8. post-partum psychosis?

    1. Yep. You can look it up….

  9. Suburban housewife Marlo

    Margo‘s mental condition worsens

    You need a proof-reader.


  10. I think I’ve figured out the shocking twist– Marlo is mysteriously replaced with Margo and nobody seems to notice.

    1. You’re actually really close to the mark.

  11. Suburban housewife Marlo (Charlize Theron) is living in a hell we don’t hear much about at the movies.

    Oh, good God, no. Hollywood never has anything to say to us about the hell of middle-class suburban life. American Beauty called. It wants its anti-suburban edginess back.

    1. KL doesn’t get out much.

  12. Tully has already drawn objections for its treatment of postpartum depression. Writing at the Website Motherly, midwife Diana Spalding…says the filmmakers “seem not to have consulted with a therapist to ensure that the topic was handled appropriately”

    Blah blah blah, the endless victim-cult bullshit. “My group of speshl damaged insufferable victimhood snowflakes doesn’t like the way you treated us in your movie. Of course, we don’t make our own damned movies that portray us perfectly; we make nothing but butthurt. We just make you guess when you make the movies, then tell you that you guessed wrong.”

    1. No shit.

      And I want to enjoy my schadenfreude without someone taking me to task for it, too.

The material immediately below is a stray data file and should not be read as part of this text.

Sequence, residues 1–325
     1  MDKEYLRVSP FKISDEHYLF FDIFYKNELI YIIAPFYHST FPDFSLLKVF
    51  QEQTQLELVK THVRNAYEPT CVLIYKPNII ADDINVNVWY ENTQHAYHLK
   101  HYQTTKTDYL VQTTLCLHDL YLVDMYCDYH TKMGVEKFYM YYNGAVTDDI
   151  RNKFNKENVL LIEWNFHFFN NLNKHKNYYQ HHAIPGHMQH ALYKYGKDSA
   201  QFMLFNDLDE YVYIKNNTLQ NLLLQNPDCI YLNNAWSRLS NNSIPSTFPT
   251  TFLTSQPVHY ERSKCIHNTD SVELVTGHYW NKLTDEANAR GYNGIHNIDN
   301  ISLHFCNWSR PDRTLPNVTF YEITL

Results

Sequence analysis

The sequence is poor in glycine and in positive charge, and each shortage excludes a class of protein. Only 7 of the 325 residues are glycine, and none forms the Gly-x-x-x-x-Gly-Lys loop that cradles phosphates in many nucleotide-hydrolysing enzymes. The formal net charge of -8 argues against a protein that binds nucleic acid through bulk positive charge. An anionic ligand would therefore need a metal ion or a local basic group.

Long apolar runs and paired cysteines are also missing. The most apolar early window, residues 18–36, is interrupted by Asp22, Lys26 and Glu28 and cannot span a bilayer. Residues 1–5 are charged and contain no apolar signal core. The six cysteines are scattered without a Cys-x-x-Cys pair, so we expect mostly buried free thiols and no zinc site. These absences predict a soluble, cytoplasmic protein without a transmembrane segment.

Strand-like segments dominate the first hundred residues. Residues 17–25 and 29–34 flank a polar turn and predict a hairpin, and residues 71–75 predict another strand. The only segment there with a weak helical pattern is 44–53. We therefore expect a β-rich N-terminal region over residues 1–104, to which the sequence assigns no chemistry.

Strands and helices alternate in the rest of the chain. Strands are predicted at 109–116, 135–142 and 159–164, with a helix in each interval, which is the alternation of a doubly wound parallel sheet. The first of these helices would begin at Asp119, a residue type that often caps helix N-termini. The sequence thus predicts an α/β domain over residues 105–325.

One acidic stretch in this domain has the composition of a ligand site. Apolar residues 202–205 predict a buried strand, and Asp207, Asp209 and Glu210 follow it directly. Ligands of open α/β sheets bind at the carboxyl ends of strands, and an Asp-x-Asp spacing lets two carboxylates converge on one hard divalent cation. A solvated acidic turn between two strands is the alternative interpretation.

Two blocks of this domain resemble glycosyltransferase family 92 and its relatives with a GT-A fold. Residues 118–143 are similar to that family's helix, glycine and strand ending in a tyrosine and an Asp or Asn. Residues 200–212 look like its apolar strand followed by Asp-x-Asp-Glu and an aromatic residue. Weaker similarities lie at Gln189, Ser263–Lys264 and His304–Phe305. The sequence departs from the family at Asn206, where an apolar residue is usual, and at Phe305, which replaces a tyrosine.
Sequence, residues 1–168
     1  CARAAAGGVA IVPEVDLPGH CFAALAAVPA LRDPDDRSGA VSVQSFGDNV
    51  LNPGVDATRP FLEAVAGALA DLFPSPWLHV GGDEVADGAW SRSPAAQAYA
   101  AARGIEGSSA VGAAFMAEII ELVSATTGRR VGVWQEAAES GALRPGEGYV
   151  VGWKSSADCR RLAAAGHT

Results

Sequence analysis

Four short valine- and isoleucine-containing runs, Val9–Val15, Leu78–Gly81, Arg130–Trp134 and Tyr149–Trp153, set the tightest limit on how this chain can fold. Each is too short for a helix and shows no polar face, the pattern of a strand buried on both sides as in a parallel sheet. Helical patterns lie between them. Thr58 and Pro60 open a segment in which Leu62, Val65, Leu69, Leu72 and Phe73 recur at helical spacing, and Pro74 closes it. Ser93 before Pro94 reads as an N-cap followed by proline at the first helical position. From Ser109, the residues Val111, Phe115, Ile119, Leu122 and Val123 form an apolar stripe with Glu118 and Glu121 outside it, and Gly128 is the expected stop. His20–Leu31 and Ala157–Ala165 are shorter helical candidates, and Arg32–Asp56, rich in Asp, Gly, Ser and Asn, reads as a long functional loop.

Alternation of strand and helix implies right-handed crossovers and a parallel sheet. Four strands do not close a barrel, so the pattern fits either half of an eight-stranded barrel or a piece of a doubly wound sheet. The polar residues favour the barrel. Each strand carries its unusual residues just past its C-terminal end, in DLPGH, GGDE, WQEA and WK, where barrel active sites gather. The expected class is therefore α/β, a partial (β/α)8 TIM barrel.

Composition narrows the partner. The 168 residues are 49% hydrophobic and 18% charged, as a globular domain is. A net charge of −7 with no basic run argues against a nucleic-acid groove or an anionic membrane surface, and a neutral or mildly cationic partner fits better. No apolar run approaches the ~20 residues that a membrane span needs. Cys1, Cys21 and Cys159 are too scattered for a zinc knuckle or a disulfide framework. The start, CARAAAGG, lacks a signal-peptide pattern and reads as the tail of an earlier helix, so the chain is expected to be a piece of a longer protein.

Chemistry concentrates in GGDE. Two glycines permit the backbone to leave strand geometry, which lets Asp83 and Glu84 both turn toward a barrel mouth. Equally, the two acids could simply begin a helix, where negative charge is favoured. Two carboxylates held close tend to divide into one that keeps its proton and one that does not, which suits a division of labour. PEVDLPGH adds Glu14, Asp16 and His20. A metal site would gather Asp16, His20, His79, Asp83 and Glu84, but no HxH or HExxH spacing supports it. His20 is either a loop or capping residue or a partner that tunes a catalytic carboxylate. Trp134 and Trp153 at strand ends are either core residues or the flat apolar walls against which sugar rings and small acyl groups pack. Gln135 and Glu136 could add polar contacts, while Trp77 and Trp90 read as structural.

13. I’m a father of five, including one later life “accident” who is now my very beloved 12-year-old daughter. I really wish that popular culture didn’t make parenthood out to be so scary and demoralizing. It’s not. I’ve had problems in my adult life, stresses in my marriage, but the kids have always been what made everything worthwhile. I shudder to think of my life without them.

    1. I have two. The first one wasn’t any preparation for the second one.

      But Amen, they are what’s worthwhile in life.

  14. He says he will say no more, but then goes on to say more.
    For veteran movie watchers like me that is almost enough to figure out what I am not supposed to know.
    Things that make you Hmmm.

  15. Sadly, some idiots ruined the twist for me. Mackenzie Davis and Charlize Theron better at least make out a little.

  16. “Suburban housewife Marlo (Charlize Theron) is living in a hell we don’t hear much about at the movies.”

    I’m curious about the portrayal of the husband. Does he just call her fat and act insensitive the whole time, as in the trailer? Because we see stressed mom’s getting their due all over (and sympathy). What we don’t see is the father’s point of view.

  17. If she has an actual psychosis triggered by giving birth, I have sympathy. But suburban mom with three kids life is a living hell? Why?

    My grandmother was raising TEN kids in the middle of the Great Depression. She put them all to work because she was bossy as hell. Lot less stress that way.